Pressurized Water in the New World
The ancient Maya are seen for some reason as excellent builders
but as no more than mediocre engineers,
while the Romans are praised for their engineering skill.
The Romans used a ridiculous numbering system.
They could, with a lot of effort, do addition, so they could
keep track of some logistical details.
But the sort of mathematics you need to do true engineering
design and analysis is far beyond the Roman numeral system.
Maya Masters of Water
During the Classic Maya period, roughly 250-600 CE,
the Maya people built an elaborate system of water management.
They weren't the first in the world to control water pressure.
The Minoans on Crete used terracotta pipes to create fountains
as early as 1400 BCE.
But the Maya people were the first we know of in the western hemisphere.
Their water system in the seventh and eighth centuries surpassed
what the Spanish invaders of the 1500s had back at home.
in today's central Mexico, was established around 100 BCE and was
the largest city in the Americas at its peak from 150 to 450 CE.
It had over 150,000 inhabitants, possibly 250,000,
making it among the largest cities in the world at the time.
It was a multi-ethnic city with quarter occupied by different people:
the Maya, and also the Nahua, Otomi, Zapotec, and Mixtec.
The Aztecs had amazed the Spanish invaders.
Hernán Cortés described their aqueducts in 1520.
The conquistador Andres de Tapia reported
that Montezuma bathed twice a day.
The Jesuit historian Francisco Javier Clavijer wrote that
all the Aztec people, not just their ruler, "bathed often,
and many of them every day".
The Florentine Codex, written with the assistance of Aztec
prisoners shortly after the Conquest, described Aztec soap,
deodorants, breath fresheners, and dentifrices.
Spaniards of that time cleaned their teeth with urine,
if at all.
The Moors had invaded Spain, so the Spanish people saw the
cleanliness of the Islamic invaders as a sign of their heresy,
so their own dirtiness must be a Christian virtue.
The Maya water management system at Palenque supported a population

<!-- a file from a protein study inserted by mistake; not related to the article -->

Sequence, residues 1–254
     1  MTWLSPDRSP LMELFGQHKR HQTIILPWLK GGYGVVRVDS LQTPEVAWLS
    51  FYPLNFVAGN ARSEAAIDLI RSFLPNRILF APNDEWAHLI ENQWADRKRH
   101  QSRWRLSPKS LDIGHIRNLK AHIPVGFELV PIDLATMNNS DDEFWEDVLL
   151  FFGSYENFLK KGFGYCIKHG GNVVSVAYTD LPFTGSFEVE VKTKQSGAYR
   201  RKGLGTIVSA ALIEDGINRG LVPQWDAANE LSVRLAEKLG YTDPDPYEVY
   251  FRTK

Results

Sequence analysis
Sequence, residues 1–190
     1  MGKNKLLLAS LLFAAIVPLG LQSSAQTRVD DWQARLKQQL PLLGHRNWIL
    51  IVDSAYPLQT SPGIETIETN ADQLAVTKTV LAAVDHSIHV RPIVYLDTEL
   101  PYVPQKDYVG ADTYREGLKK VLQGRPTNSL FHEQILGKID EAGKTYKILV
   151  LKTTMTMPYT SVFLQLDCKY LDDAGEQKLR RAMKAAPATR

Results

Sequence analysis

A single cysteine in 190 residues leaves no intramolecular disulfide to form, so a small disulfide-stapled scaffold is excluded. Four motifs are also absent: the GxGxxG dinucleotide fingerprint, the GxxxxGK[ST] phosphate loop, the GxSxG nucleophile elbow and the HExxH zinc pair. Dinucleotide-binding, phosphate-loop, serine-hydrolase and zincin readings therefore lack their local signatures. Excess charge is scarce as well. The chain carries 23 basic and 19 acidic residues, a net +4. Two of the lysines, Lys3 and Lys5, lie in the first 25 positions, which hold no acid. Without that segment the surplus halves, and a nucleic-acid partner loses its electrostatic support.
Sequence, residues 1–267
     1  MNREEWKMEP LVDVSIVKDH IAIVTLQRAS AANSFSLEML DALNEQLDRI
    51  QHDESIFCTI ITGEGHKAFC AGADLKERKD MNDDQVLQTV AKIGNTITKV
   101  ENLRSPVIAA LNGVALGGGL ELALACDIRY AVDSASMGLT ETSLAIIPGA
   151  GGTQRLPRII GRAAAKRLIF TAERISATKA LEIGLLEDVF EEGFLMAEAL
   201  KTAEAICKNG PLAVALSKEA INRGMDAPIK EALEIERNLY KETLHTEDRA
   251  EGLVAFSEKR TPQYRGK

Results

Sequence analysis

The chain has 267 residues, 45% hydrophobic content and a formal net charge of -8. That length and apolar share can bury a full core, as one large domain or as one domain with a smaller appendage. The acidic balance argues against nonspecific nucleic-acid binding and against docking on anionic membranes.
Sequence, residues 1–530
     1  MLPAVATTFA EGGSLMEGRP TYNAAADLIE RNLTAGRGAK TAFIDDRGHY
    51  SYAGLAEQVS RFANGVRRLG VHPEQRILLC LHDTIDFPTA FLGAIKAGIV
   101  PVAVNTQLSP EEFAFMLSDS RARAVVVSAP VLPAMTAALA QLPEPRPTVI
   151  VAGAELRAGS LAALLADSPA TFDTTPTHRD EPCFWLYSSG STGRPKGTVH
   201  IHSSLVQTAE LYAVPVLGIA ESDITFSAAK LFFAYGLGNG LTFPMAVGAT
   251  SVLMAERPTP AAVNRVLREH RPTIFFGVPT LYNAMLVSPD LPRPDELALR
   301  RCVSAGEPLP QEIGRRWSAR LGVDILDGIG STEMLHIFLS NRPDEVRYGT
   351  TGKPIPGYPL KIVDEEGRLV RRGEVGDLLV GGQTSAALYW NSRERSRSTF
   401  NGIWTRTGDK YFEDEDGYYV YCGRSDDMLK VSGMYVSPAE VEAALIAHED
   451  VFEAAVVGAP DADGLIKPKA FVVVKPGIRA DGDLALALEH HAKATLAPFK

of about 6,000 occupying 1,500 structures including residences,
temples, and palaces.
Pirámide de la Luna or the Pyramid of the Moon at
is 42 meters high and 150 meters wide at its base.
The Pirámide del Sol or Pyramid of the Sun,
seen above, is even larger — 70 meters high and 220 meters along
each face of its base.
They brought water from upland springs through buried conduits.
This provided water for the residential district even during the dry season.
The system provided six meters of hydraulic head, meaning that water
could flow up through pipes from the buried conduit, rising up to
six meters to where it was used.
The Maya had figured out how to reduce the cross-sectional area to
increase the pressure.
Also, their buried conduit could store an estimated 68,000 liters
of fresh water during dry periods.
There probably were many more pre-contact sophisticated water systems.
Several sites across central Mexico have yielded segmented ceramic
The tubing was tapered so the small end of one segment fit into the
large end of the next segment.
They were tightly assembled and cemented together.
For more details see the research paper by the Penn State University
team, or the overview in ScienceDaily.
"Prehispanic water pressure: A New World first",
Journal of Archaeological Science, 2010; 30(5): 1027
What About the Ball Courts?
has been played since 1400 BCE, probably earlier, and a form is
still played today by the indigenous people in a few places.
The Aztecs and other Nahuatl speakers called it ōllamaliztli,
the Mayan speakers of the Classic Era called it pitz.
The form has changed very little over 2,700 years.
It seems to have originated in tropical coastland where rubber trees
provided material for the balls.
By 1000 BCE it had spread to central Mexico, and by 300 BCE it
was spread through most of Mesoamerica, as far south as modern
Nicaragua and possibly, in a modified form, as far north as Arizona.
were built in a distinctive shape.
Initially they were a long area flanked by berms.
This evolved in later centuries to the shape of a capital I
with enclosed "end zones."
The most prominent courts were within the sacred precincts of cities and towns,
indicating the ritual nature of the game.
The games are believed to have served proxies for military conflicts.
In the later Maya Classic Era, maybe 700-1200 CE,
they involved human sacrifice.
The courts were for more than just the game.
These public ritual spaces hosted a wide range of elite cultural events
including other types of sporting events,
feasts, festivals, and musical performances.
But what about the bathrooms for the spectators?
People have asked.
I don't know, I haven't seen anything on this.
But given the advanced water supplies and public sanitation systems
of the Mesoamerican civilizations, I'm sure they were quite nice.
The invading Spanish conquistadors were surprised.
And I would expect that today's fans of U.S. professional and college sports
would also find them a step up from what they're used to using at ball games.
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